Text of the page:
With around a century of quality, stylish watchmaking to its name, you may wonder why the Elgin brand no longer exists today. The answer is complicated, but involves the rising popularity of Swiss watches in the 1950s in combination with government contract issues.
You may sometimes stumble across a watch which bears the Elgin name and which is dated sometime after 1968. This is because the company sold the trademark, which exchanged hands repeatedly. The bottom line is that only Elgin watches manufactured prior to the original company’s demise are “true” Elgin timepieces.
Elgin Watches Today
Most Elgin watches today which are in good working condition can be purchased for anywhere from $50 to $300. Some of the more luxurious or rare pieces may run you more than $1,000. Watches which are damaged in some fashion may sell for significantly less than $100.
This is quite cheap compared to Swiss vintage watches, and even to other American brands such as Waltham or Hamilton. Why? I really like the explanation that GeneJockey (who runs a blog about Elgin watches) gave:
Elgins back in the day were good, solid, quality watches. They were priced a little below Hamiltons, and they sold a hell of a lot more. But Hamilton had always marketed its watches as premium products and Elgin made a broad range of watches from very affordable 7j watches to very expensive 19-23j ones cased in solid gold, even platinum. Elgin was THE biggest producer of jeweled watches in the world, which means they’re more common by far than Hamiltons.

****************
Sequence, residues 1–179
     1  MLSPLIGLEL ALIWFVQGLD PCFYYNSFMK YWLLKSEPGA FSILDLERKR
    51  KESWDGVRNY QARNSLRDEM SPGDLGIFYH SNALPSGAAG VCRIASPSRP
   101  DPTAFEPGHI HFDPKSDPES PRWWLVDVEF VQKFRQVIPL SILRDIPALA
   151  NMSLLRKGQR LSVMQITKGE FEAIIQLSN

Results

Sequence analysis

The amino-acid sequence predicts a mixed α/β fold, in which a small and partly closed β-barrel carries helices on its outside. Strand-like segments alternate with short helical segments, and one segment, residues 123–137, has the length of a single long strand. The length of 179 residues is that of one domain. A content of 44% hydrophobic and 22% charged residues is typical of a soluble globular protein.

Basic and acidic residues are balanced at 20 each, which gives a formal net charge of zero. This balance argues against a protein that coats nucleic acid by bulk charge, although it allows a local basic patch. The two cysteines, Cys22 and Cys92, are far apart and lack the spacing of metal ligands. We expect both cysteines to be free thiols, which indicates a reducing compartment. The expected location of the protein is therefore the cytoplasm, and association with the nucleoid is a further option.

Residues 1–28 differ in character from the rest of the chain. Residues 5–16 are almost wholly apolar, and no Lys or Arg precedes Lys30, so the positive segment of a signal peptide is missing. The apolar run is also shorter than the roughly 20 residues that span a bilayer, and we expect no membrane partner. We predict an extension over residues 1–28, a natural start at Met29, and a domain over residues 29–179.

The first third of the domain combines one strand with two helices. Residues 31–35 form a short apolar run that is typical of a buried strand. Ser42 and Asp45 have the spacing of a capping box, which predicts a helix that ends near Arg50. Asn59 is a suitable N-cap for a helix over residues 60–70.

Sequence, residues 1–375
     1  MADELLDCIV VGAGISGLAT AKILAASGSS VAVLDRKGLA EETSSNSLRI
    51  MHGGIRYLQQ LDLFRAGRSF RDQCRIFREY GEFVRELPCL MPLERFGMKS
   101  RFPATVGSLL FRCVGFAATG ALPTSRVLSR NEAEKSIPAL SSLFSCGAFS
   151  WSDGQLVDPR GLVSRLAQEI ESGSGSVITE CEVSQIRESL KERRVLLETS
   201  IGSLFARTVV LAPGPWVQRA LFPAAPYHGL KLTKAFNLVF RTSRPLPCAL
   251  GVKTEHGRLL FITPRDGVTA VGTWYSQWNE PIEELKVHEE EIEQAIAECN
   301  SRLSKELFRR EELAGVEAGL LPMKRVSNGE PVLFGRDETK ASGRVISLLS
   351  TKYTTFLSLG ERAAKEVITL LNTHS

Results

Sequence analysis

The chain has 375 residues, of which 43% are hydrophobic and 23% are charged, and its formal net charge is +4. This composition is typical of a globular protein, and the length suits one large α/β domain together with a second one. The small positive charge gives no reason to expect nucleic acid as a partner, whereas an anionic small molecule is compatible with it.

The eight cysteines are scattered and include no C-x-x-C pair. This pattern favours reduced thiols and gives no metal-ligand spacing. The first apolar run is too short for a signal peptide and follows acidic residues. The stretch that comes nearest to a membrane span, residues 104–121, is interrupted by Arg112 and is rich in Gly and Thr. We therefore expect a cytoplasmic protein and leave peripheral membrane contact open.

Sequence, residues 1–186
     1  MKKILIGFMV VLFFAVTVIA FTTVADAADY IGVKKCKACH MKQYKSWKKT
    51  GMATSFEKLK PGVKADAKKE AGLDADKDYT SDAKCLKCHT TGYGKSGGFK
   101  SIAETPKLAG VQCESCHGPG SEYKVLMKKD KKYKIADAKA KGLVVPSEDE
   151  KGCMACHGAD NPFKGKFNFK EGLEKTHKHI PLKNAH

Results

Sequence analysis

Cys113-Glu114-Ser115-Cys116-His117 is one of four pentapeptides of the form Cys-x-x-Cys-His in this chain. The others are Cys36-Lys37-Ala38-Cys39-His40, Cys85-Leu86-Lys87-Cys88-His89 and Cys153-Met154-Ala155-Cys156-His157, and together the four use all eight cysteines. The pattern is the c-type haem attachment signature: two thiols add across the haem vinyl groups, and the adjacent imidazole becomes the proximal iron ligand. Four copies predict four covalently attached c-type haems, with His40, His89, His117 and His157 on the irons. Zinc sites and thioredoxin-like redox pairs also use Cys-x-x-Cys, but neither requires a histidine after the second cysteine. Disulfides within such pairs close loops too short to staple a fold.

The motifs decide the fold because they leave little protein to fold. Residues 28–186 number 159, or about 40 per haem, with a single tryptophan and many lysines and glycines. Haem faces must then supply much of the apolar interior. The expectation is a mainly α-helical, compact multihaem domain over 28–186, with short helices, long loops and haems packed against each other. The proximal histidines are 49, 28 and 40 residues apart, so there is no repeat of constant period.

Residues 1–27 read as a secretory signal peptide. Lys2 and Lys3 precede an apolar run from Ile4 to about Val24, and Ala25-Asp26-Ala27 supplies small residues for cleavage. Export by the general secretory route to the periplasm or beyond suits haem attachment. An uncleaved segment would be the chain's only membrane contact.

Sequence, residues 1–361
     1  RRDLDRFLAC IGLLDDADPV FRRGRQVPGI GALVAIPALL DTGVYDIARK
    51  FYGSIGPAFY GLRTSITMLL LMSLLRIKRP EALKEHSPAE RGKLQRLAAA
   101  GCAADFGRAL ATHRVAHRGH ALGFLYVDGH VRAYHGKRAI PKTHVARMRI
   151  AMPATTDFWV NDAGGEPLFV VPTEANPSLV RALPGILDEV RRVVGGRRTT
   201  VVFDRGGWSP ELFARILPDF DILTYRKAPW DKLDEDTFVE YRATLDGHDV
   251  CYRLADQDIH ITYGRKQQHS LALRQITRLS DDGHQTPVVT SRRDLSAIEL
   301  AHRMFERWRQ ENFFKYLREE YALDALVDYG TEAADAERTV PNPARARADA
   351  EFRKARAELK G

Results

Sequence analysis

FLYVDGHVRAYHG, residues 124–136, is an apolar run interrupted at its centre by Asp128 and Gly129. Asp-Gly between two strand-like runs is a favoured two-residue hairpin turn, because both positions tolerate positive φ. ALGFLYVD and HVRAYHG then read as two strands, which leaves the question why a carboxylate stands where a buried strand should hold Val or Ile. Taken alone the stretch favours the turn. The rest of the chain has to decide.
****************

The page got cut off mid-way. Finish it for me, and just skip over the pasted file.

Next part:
My take on it is that collectors don’t want what their Dad owned. They want what their Dad WANTED. Everybody’s Dad had an Elgin watch, and Ford or Chevy sedan. But everybody’s Dad WANTED a Hamilton watch and a Thunderbird or Corvette. So, Elgins are like the Ford Galaxie or Chevy Impala, and Hamiltons are like the T-birds and Corvettes. Collectors want the T-birds and Corvettes.
Makes a lot of sense to me.
If you do purchase an Elgin watch or movement, you will own a piece of American manufacturing history. Elgin was one of the first brands to really see the potential of industrialization when it came to watchmaking. With its reputation for consistency paired with its stylish Art Deco designs, Elgin created a legacy which will long outlast the company’s 105-year history.